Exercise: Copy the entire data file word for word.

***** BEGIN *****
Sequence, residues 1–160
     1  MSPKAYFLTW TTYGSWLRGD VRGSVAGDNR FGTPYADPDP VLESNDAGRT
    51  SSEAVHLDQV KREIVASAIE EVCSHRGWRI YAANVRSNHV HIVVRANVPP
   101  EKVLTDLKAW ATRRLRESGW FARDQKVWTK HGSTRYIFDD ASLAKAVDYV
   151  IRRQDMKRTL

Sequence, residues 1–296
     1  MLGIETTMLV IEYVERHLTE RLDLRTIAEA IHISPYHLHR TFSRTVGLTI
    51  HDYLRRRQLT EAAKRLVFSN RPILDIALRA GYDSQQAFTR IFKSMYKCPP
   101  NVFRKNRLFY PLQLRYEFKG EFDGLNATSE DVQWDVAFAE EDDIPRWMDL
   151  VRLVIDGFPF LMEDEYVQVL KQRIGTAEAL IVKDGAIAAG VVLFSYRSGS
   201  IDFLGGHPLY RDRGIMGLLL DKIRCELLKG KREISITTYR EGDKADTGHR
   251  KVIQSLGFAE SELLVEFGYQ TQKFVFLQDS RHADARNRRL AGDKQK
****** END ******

Sequence, residues 1–160
     1  MSPKAYFLTW TTYGSWLRGD VRGSVAGDNR FGTPYADPDP VLESNDAGRT
    51  SSEAVHLDQV KREIVASAIE EVCSHRGWRI YAANVRSNHV HIVVRANVPP
   101  EKVLTDLKAW ATRRLRESGW FARDQKVWTK HGSTRYIFDD ASLAKAVDYV
   151  IRRQDMKRTL

Sequence, residues 1–296
     1  MLGIETTMLV IEYVERHLTE RLDLRTIAEA IHISPYHLHR TFSRTVGLTI
    51  HDYLRRRQLT EAAKRLVFSN RPILDIALRA GYDSQQAFTR IFKSMYKCPP
   101  NVFRKNRLFY PLQLRYEFKG EFDGLNATSE DVQWDVAFAE EDDIPRWMDL
   151  VRLVIDGFPF LMEDEYVQVL KQRIGTAEAL IVKDGAIAAG VVLFSYRSGS
   201  IDFLGGHPLY RDRGIMGLLL DKIRCELLKG KREISITTYR EGDKADTGHR
   251  KVIQSLGFAE SELLVEFGYQ TQKFVFLQDS RHADARNRRL AGDKQK